• Injecting carbon dioxide gas underground to be rid of it is a hazardous business, because the gas doesn’t stay ridded. Oh noes!
  • Here’s the best description I’ve seen of an upgrade from a conventional hard drive to an SSD. The Kingston 128GB SATA device described in the article costs from $200-$275 depending on where you shop, and there are both a 256GB ($720) and a 512GB model ($1400) now. 128GB is more than enough for my backup SX280 Linux/Windows dual-booter, and I think I’ll be outfitting the SX280 with one of these in the near future. Funny that the SSD will cost me significantly more than the (used) machine did originally.
  • This kind of genie rarely goes back into a bottle. My suggestion? Have them sit down and think of a way to capitalize on the new and irreversible openness of the system. My prediction? Sony will fail. They just can’t think in those terms. (Thanks to Pete Albrecht for the link.)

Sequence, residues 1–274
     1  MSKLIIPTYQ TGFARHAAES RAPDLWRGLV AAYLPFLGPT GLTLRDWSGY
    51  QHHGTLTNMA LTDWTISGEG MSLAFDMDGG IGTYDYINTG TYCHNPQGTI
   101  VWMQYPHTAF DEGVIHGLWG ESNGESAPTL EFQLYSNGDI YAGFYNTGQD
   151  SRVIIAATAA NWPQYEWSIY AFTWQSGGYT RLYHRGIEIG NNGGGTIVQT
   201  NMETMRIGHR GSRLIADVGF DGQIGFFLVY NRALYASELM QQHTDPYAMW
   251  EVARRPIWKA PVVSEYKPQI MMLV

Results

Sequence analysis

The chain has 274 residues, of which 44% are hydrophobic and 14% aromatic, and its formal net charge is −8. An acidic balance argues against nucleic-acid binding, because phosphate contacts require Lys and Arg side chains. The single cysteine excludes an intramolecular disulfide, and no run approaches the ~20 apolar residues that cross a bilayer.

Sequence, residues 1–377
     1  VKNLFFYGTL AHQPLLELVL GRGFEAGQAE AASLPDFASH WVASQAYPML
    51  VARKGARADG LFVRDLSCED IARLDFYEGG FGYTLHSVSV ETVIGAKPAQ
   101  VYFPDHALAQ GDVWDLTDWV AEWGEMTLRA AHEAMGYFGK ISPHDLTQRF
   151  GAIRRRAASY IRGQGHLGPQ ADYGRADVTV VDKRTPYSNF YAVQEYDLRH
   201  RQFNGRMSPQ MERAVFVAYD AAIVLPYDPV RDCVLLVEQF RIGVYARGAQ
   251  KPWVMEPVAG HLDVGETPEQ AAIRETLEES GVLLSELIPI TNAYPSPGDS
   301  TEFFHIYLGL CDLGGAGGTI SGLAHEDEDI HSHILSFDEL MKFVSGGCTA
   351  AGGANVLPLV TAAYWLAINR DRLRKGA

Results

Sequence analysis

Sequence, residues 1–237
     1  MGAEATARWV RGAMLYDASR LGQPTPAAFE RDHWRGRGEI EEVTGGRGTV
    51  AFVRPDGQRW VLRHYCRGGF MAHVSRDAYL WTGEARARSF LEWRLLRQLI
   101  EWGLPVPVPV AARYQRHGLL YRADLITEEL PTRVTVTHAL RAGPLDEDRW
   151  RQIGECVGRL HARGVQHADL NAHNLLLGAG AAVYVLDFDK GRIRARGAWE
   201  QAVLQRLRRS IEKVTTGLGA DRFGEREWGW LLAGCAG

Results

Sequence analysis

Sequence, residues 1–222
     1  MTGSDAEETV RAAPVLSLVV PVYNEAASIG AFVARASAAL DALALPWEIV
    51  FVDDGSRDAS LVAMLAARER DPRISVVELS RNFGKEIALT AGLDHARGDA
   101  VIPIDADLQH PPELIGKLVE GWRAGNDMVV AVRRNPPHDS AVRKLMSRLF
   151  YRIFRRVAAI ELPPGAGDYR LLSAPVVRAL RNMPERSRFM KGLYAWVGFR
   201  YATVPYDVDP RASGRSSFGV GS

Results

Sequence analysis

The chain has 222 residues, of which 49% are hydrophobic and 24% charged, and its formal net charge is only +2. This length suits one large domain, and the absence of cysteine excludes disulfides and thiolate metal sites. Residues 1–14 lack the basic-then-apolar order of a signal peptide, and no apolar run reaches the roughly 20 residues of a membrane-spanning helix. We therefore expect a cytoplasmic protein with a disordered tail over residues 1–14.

• When I was a kid I grew up about half a block from a boy named Bill Van Ornum. We both attended public high schools, and both belonged to the Catholic teens organization at our parish targeted specifically at public schoolers. Dr. Van Ornum is now a columnist for the online edition of the Catholic weekly America, and his column (shared with several other writers) is worth visiting. This week: Piaget and the “magic years,” in which children discern the distinctness between themselves and the physical universe, and which may be the well of fascination for Harry Potter style magic in myth and literature.
  • For those who don’t have to deal with in snow and ice in hilly country, well, this YouTube video may make you feel better about not living in Colorado Springs. (Thanks to Eric Bowersox for the link.) Then again, we don’t have mosquitoes. Sorry about that, Chicago.